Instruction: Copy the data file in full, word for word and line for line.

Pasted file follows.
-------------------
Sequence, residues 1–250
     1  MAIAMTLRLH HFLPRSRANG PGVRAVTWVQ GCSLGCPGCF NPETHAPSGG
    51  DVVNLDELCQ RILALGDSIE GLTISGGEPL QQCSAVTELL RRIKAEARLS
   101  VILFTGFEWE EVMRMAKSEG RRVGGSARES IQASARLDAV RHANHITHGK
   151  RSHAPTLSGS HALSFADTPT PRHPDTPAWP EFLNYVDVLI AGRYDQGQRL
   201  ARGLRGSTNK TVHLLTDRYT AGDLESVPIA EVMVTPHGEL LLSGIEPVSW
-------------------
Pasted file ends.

Sequence, residues 1–250
     1  MAIAMTLRLH HFLPRSRANG PGVRAVTWVQ GCSLGCPGCF NPETHAPSGG
    51  DVVNLDELCQ RILALGDSIE GLTISGGEPL QQCSAVTELL RRIKAEARLS
   101  VILFTGFEWE EVMRMAKSEG RRVGGSARES IQASARLDAV RHANHITHGK
   151  RSHAPTLSGS HALSFADTPT PRHPDTPAWP EFLNYVDVLI AGRYDQGQRL
   201  ARGLRGSTNK TVHLLTDRYT AGDLESVPIA EVMVTPHGEL LLSGIEPVSW